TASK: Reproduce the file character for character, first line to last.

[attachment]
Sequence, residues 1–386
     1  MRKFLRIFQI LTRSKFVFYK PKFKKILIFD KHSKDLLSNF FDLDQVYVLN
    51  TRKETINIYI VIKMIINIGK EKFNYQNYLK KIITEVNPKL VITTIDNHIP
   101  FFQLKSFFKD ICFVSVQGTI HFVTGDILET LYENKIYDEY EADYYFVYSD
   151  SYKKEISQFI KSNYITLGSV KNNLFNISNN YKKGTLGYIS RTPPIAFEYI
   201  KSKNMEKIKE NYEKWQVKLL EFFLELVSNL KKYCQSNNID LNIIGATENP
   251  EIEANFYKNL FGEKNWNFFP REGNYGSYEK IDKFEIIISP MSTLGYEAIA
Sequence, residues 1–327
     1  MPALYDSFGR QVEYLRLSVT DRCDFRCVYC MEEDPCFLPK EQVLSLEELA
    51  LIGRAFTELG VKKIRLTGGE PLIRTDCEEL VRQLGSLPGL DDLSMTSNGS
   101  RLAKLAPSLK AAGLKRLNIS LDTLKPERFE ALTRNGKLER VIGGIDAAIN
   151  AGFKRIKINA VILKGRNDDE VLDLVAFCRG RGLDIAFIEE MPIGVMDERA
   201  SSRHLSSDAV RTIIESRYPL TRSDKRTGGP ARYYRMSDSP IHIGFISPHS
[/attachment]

Sequence, residues 1–386
     1  MRKFLRIFQI LTRSKFVFYK PKFKKILIFD KHSKDLLSNF FDLDQVYVLN
    51  TRKETINIYI VIKMIINIGK EKFNYQNYLK KIITEVNPKL VITTIDNHIP
   101  FFQLKSFFKD ICFVSVQGTI HFVTGDILET LYENKIYDEY EADYYFVYSD
   151  SYKKEISQFI KSNYITLGSV KNNLFNISNN YKKGTLGYIS RTPPIAFEYI
   201  KSKNMEKIKE NYEKWQVKLL EFFLELVSNL KKYCQSNNID LNIIGATENP
   251  EIEANFYKNL FGEKNWNFFP REGNYGSYEK IDKFEIIISP MSTLGYEAIA
Sequence, residues 1–327
     1  MPALYDSFGR QVEYLRLSVT DRCDFRCVYC MEEDPCFLPK EQVLSLEELA
    51  LIGRAFTELG VKKIRLTGGE PLIRTDCEEL VRQLGSLPGL DDLSMTSNGS
   101  RLAKLAPSLK AAGLKRLNIS LDTLKPERFE ALTRNGKLER VIGGIDAAIN
   151  AGFKRIKINA VILKGRNDDE VLDLVAFCRG RGLDIAFIEE MPIGVMDERA
   201  SSRHLSSDAV RTIIESRYPL TRSDKRTGGP ARYYRMSDSP IHIGFISPHS